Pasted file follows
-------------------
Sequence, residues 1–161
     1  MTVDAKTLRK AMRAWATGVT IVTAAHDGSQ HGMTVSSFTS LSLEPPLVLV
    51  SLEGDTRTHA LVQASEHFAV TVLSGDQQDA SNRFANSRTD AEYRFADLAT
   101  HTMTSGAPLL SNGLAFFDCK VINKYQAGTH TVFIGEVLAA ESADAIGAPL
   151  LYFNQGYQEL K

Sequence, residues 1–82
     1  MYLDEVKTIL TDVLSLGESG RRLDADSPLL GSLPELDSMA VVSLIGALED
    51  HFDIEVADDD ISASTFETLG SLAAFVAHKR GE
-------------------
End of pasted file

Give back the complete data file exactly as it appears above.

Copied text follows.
Sequence, residues 1–161
     1  MTVDAKTLRK AMRAWATGVT IVTAAHDGSQ HGMTVSSFTS LSLEPPLVLV
    51  SLEGDTRTHA LVQASEHFAV TVLSGDQQDA SNRFANSRTD AEYRFADLAT
   101  HTMTSGAPLL SNGLAFFDCK VINKYQAGTH TVFIGEVLAA ESADAIGAPL
   151  LYFNQGYQEL K

Sequence, residues 1–82
     1  MYLDEVKTIL TDVLSLGESG RRLDADSPLL GSLPELDSMA VVSLIGALED
    51  HFDIEVADDD ISASTFETLG SLAAFVAHKR GE